Seerd Addresses Exploding Mental Health Epidemic and the Stigma Dismissing It

SEERD – American rock band – photo credit – Andy Lei

SEERD - American Rock Band, photo credit - Andy Lei

SEERD – American Rock Band, photo credit – Andy Lei

SEERD, American Rock Band, photo credit - Andy Lei

SEERD, American Rock Band , photo credit – Andy Lei

Kayla Shamlin, American artist and co-vocalist SEERD - rock band, photo credit - Andy Lei

Kayla Shamlin, American artist and co-vocalist SEERD – rock band, photo credit – Andy Lei

Curtis Shamlin, American artist and co-vocalist SEERD - rock band , photo credit - Andy Lei

Curtis Shamlin, American artist and co-vocalist SEERD – rock band, photo credit – Andy Lei

American Rock Band Seerd Addresses Exploding Mental Health Epidemic and Stigma Dismissing It – “Sound” Advice – Music as Therapy

Keeping things bottled – leads to a burst. We are experiencing this in America today with the rise in school shootings, increase in suicide rates, anxiety, depression…it’s time to address this.”

— Curtis Shamlin, American artist and co-vocalist for rock band SEERD

LOS ANGELES, CALIFORNIA, UNITED STATES, August 15, 2023/EINPresswire.com/ — “It’s just your anxiety.” Those four dismissive words torment and crush the spirit of mental health sufferers worldwide, fanning the flames of an unquenchable hopelessness leading many to suicide. Approximately 31% of all Americans have some form of anxiety disorder and eight million deaths are attributable to mental disorders annually worldwide, as reported by the National Institute of Health. Those numbers are staggering when considering they are ‘reported’ figures.

Discussing the newly released single “Love and Enemy”, Kayla Shamlin, American recording artist and vocalist for rock band SEERD got personal. “I’ve struggled with my mental health for over eight years now. I was diagnosed as a freshman in high school with a generalized anxiety disorder, panic disorder, depression, ADHD, and so on. The never-ending feeling of hopelessness and helplessness, with no one who understood, bound me with a mental straight jacket. Experiencing frequent panic attacks weekly for years, and without explanation, led me to seek a psychiatrist and counseling. I entered a revolving door of antidepressants and other medications that were supposed to help, but only made things worse. My dad suggested to instead try music as therapy. To release some pressure by putting my messed-up feelings, emotions, intense anxiety, frustration, and anger into lyrics like he has been doing for years. I wrote down everything I was feeling. Then he arranged it into lyrics, added a melody and it cathardically became our latest single, ‘Love and Enemy’.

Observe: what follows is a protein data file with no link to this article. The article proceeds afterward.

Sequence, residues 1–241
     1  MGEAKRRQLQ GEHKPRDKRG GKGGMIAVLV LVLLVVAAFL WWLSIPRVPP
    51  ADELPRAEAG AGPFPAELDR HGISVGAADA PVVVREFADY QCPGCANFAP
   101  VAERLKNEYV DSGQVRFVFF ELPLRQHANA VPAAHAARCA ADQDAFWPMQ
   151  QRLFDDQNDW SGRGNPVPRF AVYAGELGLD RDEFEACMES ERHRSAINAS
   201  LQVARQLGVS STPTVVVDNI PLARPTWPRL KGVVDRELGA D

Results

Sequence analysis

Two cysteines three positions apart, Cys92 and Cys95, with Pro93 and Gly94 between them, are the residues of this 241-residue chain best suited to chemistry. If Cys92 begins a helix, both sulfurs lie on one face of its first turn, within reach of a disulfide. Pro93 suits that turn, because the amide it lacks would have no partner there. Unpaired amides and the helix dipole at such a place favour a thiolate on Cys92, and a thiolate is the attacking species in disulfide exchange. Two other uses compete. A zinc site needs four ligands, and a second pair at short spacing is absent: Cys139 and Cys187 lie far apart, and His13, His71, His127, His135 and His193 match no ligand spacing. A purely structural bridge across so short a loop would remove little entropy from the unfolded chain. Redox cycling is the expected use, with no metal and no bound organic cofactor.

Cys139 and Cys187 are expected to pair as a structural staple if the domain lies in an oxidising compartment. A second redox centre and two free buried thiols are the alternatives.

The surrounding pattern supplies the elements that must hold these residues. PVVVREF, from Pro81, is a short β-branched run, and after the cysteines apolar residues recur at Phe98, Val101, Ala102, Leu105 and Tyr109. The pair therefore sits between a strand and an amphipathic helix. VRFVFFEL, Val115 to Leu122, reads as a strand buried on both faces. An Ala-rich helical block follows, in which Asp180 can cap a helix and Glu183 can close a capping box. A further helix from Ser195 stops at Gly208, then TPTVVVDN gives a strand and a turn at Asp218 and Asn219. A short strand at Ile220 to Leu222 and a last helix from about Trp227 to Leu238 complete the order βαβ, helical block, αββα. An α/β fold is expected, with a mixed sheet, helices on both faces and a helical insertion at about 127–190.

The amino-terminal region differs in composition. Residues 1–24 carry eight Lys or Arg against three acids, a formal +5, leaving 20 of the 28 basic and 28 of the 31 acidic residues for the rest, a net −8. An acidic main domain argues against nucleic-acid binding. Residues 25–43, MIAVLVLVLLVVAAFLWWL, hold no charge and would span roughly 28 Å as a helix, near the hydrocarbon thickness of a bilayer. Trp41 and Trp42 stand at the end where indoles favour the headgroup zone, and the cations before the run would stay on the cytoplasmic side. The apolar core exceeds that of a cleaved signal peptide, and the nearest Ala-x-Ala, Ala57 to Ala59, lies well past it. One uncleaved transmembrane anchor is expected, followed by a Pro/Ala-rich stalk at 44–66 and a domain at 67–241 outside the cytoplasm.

Shamlin spoke freely about the beginning of her experiences. “In high school, I used to go to my best friend for help when I was feeling down or anxious. Four agonizing years later, I finally realized that this person was not the person to talk with about my problems. Let’s just call this person Ash because that’s what they turned me into. Every time I had anxiety or a panic attack and told Ash, I was met with, “I have anxiety too, and this is why,” always dismissing me. I’d tell myself that others just had it worse, and I should be grateful. This later created additional problems by helping to shape how I perceived myself and the world around me. I’ve had to work very hard to fix what Ash broke. I still have a hard time expressing my feelings because I’m afraid to hear those words again. I was afraid to lose Ash, thinking my life would be much worse without this person in it. Being able to write and sing my feelings, ‘Love and Enemy’ returned a sense of power and independence. This song is everything I felt and wanted to say but couldn’t.”